consider when looking at submissions, etc.)
                   Who is on it (you want a cross-section of employees)
                   Create a filtering matrix for the evaluation team to use(see basic and
                     advanced filtering matrices at the Helpful Resources section (Bottom-
                     Up and Top-Down book resources at
             Criteria Selection for the filtering matrix
             Idea rework process if an idea is good but needs more substance
             Create a Screening Committee for the short list of great ideas that have to
               approved to move forward to the implementation phase
                   Establish rules for this committee (how often they meet, what to
                     consider when looking at submissions, etc.)
                   This committee should be primarily senior executives
                   Create an Idea Presentation Form (could include a PowerPoint) to be
                     used by the person who will be presenting the idea.

5. Pipeline Management – needed to create oversight and visibility of innovation projects.
            It’s important that you track the phases of an innovation effort. If you think
               of the innovation process in context of a flowing river:
                    First, you have a challenge
                    Then, you have a bunch of ideas
                    Then, they are filtered by the evaluation team
                    Then a smaller group of ideas is being prepped to go up in front of
                       the screening committee
                    Then, the best idea(s) is approved by the screening committee to be
                       put into action
                    Then, you have a project beginning
                    Then project has phases: start-up, in-process; testing, roll-out, and
            If you are a larger company, you ideally want to have a portfolio of innovation
            projects, and have your innovation projects in different stages so they don’t
            deplete your internal resources. All this is good but needs to be tracked.
            You will need to track and manage the:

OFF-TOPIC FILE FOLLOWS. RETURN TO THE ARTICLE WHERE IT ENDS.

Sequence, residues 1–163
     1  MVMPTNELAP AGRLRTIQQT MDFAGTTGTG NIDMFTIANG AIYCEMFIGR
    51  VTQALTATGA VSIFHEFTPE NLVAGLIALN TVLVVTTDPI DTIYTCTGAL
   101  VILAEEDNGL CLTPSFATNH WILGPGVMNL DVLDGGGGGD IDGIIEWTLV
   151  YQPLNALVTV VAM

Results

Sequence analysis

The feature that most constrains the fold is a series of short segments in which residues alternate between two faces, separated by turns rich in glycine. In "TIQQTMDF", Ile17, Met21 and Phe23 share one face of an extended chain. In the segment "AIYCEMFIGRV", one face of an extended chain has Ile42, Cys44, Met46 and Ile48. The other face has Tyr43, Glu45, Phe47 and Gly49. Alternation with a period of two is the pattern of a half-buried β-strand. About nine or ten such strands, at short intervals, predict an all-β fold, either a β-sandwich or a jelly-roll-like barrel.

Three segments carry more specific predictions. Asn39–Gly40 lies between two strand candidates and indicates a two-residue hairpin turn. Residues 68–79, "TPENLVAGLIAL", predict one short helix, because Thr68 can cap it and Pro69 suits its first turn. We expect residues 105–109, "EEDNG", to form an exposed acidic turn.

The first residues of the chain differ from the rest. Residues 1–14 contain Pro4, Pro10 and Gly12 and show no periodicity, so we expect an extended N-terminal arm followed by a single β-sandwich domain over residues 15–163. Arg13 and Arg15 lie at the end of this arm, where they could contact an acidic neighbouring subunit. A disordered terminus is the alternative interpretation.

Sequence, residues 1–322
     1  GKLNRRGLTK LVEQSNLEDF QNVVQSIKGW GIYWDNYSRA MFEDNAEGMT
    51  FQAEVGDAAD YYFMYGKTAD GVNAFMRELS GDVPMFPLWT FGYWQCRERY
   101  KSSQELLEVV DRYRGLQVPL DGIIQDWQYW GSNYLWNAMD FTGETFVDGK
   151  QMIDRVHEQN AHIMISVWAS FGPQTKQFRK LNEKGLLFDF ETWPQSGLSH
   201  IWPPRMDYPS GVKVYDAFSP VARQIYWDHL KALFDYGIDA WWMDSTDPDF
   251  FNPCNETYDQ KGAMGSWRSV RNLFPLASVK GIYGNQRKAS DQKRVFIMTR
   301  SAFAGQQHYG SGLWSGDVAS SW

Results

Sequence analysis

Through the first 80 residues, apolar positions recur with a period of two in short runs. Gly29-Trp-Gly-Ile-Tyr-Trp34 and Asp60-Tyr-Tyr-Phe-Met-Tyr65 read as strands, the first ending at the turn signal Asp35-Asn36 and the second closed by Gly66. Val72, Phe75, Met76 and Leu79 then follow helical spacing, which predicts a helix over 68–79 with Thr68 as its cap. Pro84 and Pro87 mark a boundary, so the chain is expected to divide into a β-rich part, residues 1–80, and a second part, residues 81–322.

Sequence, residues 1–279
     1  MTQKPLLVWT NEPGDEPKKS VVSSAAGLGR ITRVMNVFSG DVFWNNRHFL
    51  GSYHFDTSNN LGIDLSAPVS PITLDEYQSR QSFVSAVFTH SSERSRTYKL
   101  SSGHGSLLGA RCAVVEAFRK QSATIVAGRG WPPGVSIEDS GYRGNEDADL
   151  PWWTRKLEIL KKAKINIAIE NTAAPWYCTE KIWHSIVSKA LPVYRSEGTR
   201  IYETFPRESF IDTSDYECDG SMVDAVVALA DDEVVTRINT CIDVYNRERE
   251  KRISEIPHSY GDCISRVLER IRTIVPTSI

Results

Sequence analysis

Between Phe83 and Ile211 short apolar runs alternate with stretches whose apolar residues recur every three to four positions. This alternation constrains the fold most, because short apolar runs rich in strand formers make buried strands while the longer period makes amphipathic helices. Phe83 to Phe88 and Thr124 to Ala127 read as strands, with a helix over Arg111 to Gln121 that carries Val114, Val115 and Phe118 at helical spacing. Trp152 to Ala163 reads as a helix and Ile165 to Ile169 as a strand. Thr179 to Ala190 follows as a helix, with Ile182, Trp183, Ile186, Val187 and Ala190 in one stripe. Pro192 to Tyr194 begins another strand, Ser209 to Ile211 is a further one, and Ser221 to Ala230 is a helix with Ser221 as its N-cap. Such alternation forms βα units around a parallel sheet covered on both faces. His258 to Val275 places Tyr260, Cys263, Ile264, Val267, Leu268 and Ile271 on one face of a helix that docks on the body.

 Number of projects
                    Types of innovation efforts
                    Go/No Go decision checkpoints
            It’s important as part of pipeline management to avoid starving monkeys
               (see Chapter 5)

6. Tools – Each phase of an innovation process (Identify, Ideate, Filter and Finish) can
benefit from innovation tools. Aside from my book of course, I highly recommend the

book The Innovator’s Toolkit by David Silverstein, Philip Samuel, and Neil DeCarlo. It lists 50
tools and techniques, tells you step by step how to use them, and lets you know when you
may need outside help to use some of the techniques.

7. Project Management – Chapter 7 of Bottom-Up Innovation makes an incredibly
important distinction between the qualities of project leader vs. a project manager. At the
last company I worked for, we had quite a few project leaders, but very few of them
possessed the skills necessary to be a great project manager.
            Do you have project leaders
            Do you have project managers?
                  If not, are you going to hire, educate or bring in outside consulting
            How are you going to track projects? Some examples include:
                  Intranet (e.g. SharePoint)
                  Google docs
                  Special E-mail folders

8. Measuring Results – IMPORTANT – You have three things going on that need to be
           First, you have your overall innovation goals that you created in section VII